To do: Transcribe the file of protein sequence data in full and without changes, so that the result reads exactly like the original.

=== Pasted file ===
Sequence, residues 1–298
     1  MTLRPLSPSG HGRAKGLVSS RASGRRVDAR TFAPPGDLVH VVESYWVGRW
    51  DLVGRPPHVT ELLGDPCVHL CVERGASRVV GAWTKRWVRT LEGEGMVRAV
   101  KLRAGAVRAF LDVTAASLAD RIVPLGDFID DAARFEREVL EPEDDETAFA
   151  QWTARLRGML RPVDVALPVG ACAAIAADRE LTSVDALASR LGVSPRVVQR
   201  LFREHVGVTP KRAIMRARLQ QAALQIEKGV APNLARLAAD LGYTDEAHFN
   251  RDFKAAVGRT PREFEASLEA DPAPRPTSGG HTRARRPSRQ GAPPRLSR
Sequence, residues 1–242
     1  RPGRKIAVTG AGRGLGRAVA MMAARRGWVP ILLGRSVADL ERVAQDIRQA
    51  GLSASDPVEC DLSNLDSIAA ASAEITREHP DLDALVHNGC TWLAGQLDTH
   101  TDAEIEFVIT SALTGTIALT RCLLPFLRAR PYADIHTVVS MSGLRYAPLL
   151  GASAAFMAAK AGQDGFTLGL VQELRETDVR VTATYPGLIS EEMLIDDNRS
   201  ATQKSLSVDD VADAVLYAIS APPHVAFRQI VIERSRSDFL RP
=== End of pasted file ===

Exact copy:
Sequence, residues 1–298
     1  MTLRPLSPSG HGRAKGLVSS RASGRRVDAR TFAPPGDLVH VVESYWVGRW
    51  DLVGRPPHVT ELLGDPCVHL CVERGASRVV GAWTKRWVRT LEGEGMVRAV
   101  KLRAGAVRAF LDVTAASLAD RIVPLGDFID DAARFEREVL EPEDDETAFA
   151  QWTARLRGML RPVDVALPVG ACAAIAADRE LTSVDALASR LGVSPRVVQR
   201  LFREHVGVTP KRAIMRARLQ QAALQIEKGV APNLARLAAD LGYTDEAHFN
   251  RDFKAAVGRT PREFEASLEA DPAPRPTSGG HTRARRPSRQ GAPPRLSR
Sequence, residues 1–242
     1  RPGRKIAVTG AGRGLGRAVA MMAARRGWVP ILLGRSVADL ERVAQDIRQA
    51  GLSASDPVEC DLSNLDSIAA ASAEITREHP DLDALVHNGC TWLAGQLDTH
   101  TDAEIEFVIT SALTGTIALT RCLLPFLRAR PYADIHTVVS MSGLRYAPLL
   151  GASAAFMAAK AGQDGFTLGL VQELRETDVR VTATYPGLIS EEMLIDDNRS
   201  ATQKSLSVDD VADAVLYAIS APPHVAFRQI VIERSRSDFL RP